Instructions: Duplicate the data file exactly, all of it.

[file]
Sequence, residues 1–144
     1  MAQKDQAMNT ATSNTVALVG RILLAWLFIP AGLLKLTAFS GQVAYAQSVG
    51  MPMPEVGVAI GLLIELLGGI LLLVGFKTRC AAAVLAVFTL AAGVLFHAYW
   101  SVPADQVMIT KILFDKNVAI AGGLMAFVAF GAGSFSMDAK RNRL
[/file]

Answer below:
Sequence, residues 1–144
     1  MAQKDQAMNT ATSNTVALVG RILLAWLFIP AGLLKLTAFS GQVAYAQSVG
    51  MPMPEVGVAI GLLIELLGGI LLLVGFKTRC AAAVLAVFTL AAGVLFHAYW
   101  SVPADQVMIT KILFDKNVAI AGGLMAFVAF GAGSFSMDAK RNRL